The names of those killed or missing were published on Aug. 10; a more complete list several days later. The San Francisco Bulletin published a more complete list several days later, though there are indications that some of those lost may not be on the lists. In particular, Raphael Myers, who apparently went to California from England with his wife Mathilda (nee Cohen) was lost and none of the names on this list resemble his. Mathilda Myers and granddaughters were not lost in the sinking; they'd preceded him back to England.

The three lists from August, 1862 have been reconciled to the extent possible here.

It appears that any of the bodies found were buried in Manzanillo; at least one victim (Edward Josephi) was taken back to the U.S. two years later.

Names of the Lost


Dr. Henry W. Jones, surgeon of the ship
Mrs. G.O. McMullen, two infants and servant
The servant of J. Whitney, Jr.
E. Flint (of Holladay & Flint, New York)
B.J. Denchla and niece
Mrs. A.T. Greene and infant
Rev. C. Keith, returning missionary from China
Mrs. Cyrus Adams and infant
E. Levine and servant
J.E. Cook
Capt. J.W. Rickards, wife and two children
L. Bacigalupi
Mrs. Wright and child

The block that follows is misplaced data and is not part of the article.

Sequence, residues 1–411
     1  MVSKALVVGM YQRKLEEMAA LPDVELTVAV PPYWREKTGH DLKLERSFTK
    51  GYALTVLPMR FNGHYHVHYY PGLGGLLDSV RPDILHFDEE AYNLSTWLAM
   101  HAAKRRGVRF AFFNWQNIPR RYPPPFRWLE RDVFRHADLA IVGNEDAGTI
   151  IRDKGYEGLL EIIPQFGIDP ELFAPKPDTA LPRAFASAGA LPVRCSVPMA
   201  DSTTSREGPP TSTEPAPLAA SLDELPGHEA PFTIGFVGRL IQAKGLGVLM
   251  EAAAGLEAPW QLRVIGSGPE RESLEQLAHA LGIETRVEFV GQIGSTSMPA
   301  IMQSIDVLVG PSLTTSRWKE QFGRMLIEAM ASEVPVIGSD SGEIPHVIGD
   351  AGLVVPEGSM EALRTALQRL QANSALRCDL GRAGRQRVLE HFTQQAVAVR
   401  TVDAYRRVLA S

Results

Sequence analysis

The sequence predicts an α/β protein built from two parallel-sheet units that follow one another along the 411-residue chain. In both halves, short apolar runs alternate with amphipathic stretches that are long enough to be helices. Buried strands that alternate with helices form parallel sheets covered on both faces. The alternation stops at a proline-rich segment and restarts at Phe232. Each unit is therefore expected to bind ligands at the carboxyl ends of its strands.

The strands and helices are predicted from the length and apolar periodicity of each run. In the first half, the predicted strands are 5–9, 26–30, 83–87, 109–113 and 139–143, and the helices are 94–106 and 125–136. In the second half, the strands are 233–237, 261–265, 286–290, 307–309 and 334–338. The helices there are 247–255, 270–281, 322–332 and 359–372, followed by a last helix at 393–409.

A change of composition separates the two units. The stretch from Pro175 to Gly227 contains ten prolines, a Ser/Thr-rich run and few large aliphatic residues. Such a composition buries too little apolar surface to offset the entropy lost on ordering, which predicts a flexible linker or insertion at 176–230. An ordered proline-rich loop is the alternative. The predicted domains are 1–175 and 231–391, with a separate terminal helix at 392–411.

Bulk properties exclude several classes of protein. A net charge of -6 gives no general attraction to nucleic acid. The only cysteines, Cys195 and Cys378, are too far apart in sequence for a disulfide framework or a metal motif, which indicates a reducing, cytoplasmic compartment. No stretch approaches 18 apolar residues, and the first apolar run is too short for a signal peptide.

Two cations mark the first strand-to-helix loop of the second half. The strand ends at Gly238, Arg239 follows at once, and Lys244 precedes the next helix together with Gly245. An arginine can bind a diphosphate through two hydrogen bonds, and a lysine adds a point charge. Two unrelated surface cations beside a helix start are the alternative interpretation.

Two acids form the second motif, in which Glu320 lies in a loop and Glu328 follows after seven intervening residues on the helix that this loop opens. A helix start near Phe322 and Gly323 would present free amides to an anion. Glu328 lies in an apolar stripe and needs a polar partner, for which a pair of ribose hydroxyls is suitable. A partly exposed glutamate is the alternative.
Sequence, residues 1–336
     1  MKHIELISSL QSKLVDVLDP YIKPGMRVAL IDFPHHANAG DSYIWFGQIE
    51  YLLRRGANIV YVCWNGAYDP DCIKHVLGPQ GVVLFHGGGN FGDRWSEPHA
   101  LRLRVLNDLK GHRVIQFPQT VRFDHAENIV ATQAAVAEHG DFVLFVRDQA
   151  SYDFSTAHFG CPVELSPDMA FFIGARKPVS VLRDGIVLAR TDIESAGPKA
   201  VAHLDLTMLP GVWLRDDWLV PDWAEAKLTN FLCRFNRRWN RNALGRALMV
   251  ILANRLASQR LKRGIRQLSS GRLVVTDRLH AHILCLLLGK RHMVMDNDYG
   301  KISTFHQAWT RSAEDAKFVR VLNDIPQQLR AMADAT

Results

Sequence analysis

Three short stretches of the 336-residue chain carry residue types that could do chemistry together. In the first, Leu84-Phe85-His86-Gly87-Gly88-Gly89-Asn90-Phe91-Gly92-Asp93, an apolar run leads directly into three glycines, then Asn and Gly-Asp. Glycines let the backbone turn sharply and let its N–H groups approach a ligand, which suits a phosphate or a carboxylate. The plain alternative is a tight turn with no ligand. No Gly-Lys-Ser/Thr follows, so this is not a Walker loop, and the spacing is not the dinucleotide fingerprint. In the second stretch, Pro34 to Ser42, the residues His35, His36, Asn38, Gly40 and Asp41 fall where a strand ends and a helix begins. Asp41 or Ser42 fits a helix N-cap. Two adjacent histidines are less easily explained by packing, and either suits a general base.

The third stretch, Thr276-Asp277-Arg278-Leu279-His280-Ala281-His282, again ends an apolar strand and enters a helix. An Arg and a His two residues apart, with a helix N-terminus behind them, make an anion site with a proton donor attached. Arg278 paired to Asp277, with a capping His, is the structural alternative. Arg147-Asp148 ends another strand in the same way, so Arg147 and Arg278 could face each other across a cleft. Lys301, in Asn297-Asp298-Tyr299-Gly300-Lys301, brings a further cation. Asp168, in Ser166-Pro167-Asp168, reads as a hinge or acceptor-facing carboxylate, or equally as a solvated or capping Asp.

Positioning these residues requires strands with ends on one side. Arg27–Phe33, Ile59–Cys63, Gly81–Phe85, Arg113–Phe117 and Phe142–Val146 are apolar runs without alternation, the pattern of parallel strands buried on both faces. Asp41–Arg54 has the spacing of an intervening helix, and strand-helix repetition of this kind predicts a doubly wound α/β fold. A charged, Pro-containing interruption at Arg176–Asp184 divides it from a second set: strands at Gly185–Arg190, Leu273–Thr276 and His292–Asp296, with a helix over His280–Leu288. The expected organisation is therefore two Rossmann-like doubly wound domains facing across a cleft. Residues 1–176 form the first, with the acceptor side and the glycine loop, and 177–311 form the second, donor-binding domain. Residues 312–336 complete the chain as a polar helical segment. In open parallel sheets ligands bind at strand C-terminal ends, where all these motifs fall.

Mrs. C.A. Morrison
Mrs. Harriet Horton
Dr. J.N. Bodinier (French)
H.B. Davis
Miss C.E. Cogswell
Charles J. Theis, German merchant (Theis and Knibbe)
Mrs. B. Darsh and two children
D.A. Nurse
Edward Josephi (his brother would go to Manzanillo in 1864 to disinter his brother and take the body home)
T. Faus
P. Schener
Edward Roepke
J. Cramer, wife and infant
J. Drey
Henry Gerstung, wife and child (German merchant)
Son of A.J. Nichols


John Forbes
John E. Given and wife Ella Thompson Given (originally from Baltimore; two children survived)
Mrs. Leavenworth and child
Mrs. J.L. Hulse and child (J.L. Hulse survived)
George Henry Fulton and three nephews (Julian, 9; Walter; and Edward) -- 1 child saved
Mrs. S. Babcock and infant
J.R. Bird
J. Carlinas
Mrs. A. Stone
Mrs. I.W. Geer and infant
S. Francis
Miss L.C. Brier
J.C. Lancaster
R.T. Hawkins
Miss G. Barker
C. Mudie
R. Voener and wife
F.A. Rhodes
Mrs. E. Scott


G. Harris
D. Long
G. Downey
J. Shay
M.W. Harrisman
W. Brown
M. Massey
M. Olson
J. Gaurley
T. Walcott
R. Smith
R. Travers
R. Bernard
E. DeBret
G. Jichom
P. Conley
T. Wallingbrook
A. Jackson
J. Harkin
J. DeBar
V. Columbia
S. Wilkinson
John Fry, Ashland, OH
A. Briller
F. Clare
A. Smith, sister, wife and four children
Mrs. Mary Clark
A. Fernlough
Miss A. Chambers
C.H. Hill
L. Grapum
H.P. Stevens
G.W. Kinzer
T.B. Sweeney
James Hewitt
John Vrup
P.H. Moran
O.G. Farwell
P. Webster
P. Rivari
Lewis Andrews
J. Broad
Miss Hartland
J. Henry
Michael Pierce
M. Pierce
P. Pierce
T.O. Ryan
T.J. Shore
H. Winkleman
S.D. Goodall
J. Brackbill
J. Chambers
J.B. Moore
L. Bacon
L.P. Cuddiboc
F. Carroll
F. Esfelt
J. Holm
T. Herberst
P. Downey
G. Newton
Mrs. Daley
S. Gilbert
A. Peterson
George Weller
J. Sheridan
D.H. Prebble
George Ramsay
Alexander Pettigrew
Thomas Midling
John Magher
J. Borovich
J. Croft
J. Groves
C. Galiedy
Daniel O'Leary
A.M. Clark
H.W. Bracey (colored)
W.J. Davis
L. Blum
O. Bradley
G. Mathison
V.S. Moore
E.H. Williams
John Gordis
G. Bruso
A. Bremner
T. Morcam
E. Hilbert